Archives for posts with tag: women’s health

It turns out the mere mention of the word ‘cannula’ (a thin tube inserted into the vein to administer drugs) is enough to make me cry.

IMG_2358I had gone to the Wythenshawe hospital in Manchester for my MRI scan – a routine check-up on my breasts that’s recommended for women under 40 because it’s more reliable and doesn’t involve harmful radiation.

I have never been one to dread scans or be afraid of them in any way. I sailed through 33 rounds of radiotherapy because it was just a case of going into a room, lying down under a big whirring machine and waiting. No pain, no dark tunnels. So, for my first ever breast MRI on Thursday, I breezed into the radiology department, all smiles and regular heartbeat, expecting to be in and out within an hour or so.

I just had no idea I was going to need a cannula. It was just a pin prick so they could insert some dye half-way through the scan, to allow my boob matter to show up on the images (or something). It was actually the smallest type of cannula available, used for babies, no less. (I say this so that you know just how much of a wimp I am).

But as soon as I heard the word ‘cannula,’ I burst into tears in front of the nurse, because to me, a cannula isn’t just a little needle-like thing. To me, a cannula is synonymous with chemo. Just a whiff of the saline going into my arm was enough to make me want to vomit, bringing with it all the traumatic memories of six months of chemo. The nights in the hospital when it took three different nurses to finally (and painfully) get a cannula into my hand, and the gut-wrenching feeling of those toxic drugs seeping into the veins…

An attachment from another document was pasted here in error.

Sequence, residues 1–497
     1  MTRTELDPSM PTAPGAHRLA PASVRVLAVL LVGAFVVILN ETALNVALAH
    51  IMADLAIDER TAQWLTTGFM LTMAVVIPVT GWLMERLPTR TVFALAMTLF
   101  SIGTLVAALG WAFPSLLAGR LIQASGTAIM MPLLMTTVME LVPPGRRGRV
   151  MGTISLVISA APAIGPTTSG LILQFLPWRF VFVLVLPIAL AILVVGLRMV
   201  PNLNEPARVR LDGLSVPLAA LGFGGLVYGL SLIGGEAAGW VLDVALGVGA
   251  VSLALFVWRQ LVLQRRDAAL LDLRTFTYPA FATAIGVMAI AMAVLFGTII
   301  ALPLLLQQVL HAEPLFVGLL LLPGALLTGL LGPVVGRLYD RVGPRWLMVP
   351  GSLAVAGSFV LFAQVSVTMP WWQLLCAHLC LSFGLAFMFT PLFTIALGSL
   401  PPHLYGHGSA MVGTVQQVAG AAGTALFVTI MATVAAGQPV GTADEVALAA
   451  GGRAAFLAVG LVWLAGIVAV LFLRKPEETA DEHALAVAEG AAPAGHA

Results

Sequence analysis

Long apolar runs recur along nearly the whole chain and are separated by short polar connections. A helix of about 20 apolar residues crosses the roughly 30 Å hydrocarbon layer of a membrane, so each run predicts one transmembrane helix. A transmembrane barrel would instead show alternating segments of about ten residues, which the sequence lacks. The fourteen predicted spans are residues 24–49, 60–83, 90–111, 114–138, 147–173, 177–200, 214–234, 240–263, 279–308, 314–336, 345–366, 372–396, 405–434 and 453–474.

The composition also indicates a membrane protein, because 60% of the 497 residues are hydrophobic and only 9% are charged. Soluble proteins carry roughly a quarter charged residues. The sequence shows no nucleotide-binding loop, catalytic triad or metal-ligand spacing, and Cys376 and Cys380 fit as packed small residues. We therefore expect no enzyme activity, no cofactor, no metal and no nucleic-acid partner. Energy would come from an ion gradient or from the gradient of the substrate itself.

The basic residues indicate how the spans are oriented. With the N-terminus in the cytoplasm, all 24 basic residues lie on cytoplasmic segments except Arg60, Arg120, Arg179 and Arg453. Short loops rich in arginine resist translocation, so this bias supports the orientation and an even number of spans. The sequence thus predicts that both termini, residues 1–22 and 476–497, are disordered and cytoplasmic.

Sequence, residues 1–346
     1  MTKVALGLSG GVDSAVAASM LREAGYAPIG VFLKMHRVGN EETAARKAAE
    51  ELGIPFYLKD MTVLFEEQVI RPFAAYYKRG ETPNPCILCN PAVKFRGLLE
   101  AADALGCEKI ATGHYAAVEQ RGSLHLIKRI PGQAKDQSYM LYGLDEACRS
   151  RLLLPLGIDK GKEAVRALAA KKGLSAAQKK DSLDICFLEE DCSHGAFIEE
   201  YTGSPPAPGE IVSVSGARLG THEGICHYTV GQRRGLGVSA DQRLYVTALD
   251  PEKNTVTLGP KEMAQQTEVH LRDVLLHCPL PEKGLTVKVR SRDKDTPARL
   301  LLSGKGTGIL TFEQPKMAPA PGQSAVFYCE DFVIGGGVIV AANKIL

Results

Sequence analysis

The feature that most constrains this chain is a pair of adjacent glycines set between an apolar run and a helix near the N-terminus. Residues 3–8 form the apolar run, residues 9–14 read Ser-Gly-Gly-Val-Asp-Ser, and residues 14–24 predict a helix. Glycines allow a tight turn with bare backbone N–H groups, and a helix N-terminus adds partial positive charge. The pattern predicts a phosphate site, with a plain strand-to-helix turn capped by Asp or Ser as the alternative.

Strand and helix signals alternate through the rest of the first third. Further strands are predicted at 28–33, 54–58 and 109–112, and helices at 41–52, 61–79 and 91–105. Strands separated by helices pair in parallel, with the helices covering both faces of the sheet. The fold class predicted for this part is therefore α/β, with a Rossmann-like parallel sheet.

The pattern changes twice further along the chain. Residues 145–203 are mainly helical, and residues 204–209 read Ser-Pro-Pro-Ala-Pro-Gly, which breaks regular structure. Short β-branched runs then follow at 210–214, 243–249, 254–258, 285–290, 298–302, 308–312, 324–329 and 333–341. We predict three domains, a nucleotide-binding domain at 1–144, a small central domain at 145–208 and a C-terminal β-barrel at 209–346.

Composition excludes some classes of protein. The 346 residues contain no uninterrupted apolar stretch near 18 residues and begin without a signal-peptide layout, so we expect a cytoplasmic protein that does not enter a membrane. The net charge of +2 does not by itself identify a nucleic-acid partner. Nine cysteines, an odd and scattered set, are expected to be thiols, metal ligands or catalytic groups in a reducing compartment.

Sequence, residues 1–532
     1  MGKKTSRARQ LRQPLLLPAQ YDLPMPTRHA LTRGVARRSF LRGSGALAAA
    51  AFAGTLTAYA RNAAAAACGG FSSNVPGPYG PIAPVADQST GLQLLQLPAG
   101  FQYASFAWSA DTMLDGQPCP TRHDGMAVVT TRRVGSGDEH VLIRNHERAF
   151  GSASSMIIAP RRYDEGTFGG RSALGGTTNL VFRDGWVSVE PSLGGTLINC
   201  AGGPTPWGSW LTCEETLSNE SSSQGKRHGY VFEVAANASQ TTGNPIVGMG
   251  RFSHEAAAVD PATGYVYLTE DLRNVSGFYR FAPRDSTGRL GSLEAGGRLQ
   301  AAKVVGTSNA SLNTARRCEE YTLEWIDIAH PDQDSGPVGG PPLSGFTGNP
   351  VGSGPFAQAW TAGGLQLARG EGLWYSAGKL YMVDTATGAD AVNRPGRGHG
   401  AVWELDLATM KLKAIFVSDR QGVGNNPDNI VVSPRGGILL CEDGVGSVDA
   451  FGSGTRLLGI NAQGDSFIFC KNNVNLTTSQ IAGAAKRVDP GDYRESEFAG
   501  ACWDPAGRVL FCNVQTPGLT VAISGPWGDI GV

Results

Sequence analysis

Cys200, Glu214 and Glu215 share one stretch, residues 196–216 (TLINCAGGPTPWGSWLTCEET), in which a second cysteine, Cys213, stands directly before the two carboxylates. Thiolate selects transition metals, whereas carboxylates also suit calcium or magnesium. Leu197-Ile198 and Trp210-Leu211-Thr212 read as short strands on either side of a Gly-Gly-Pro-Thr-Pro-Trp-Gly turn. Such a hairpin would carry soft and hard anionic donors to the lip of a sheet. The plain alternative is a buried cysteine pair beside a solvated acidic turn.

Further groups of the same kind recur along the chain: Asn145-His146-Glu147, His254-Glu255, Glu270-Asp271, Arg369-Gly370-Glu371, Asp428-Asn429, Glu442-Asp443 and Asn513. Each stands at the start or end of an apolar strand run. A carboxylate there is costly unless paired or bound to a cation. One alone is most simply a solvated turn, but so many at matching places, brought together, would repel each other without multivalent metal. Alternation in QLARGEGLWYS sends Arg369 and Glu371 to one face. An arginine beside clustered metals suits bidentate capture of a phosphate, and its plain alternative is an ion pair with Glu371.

IMG_2361The nurse handed me a bunch of tissues and told me a story about how she can’t go down the catfood aisle in the supermarket because it reminds her of the cat she lost three years ago. This story of association was supposed to make me feel better but, of course, she didn’t know she was talking to Cat Lady Supremo, for whom any tale of dead, unhappy or injured cats is enough to bring on the waterworks. So, naturally, that just made me feel worse.

So I lay there, horizontal, on the MRI machine with my face squashed into a squashy pad looking down at a white space, tears streaming down my face, cannula in arm, strapped to the machine, for about 40 minutes. As we all know, when you cry, your nose runs (especially when you’ve had flu for the last week), and when you’re lying face down, without the use of your arms because they’re strapped to a machine, there’s nothing you can do about it. So I lay and watched a large bogey slowly drip, drip, drip, along with my tears, until it finally hit the machine. I hope it doesn’t interfere with my results.

It really wasn’t a painful experience, and the staff in the hospital were amazing, but sometimes it just takes a trigger to bring back every horrible thing you go through with cancer. I’ve done a lot of reflecting over the past few weeks and I’ve been quite emotional.

The results won’t be back for a while yet, but hopefully it’ll be another all-clear. And – with any luck – I won’t have to go through all that again for another year.

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IMG_5313I’m one of those people who feels guilty about everything.

Guilty for buying a new dress instead of giving money to the homeless guy; guilty for reading girlie glossy magazines instead of the newspaper; guilty about spending £2.40 on a coffee when I could make one at home for free. Guilty about having cancer.

To read the rest of this Huffington Post blog, please click the link below: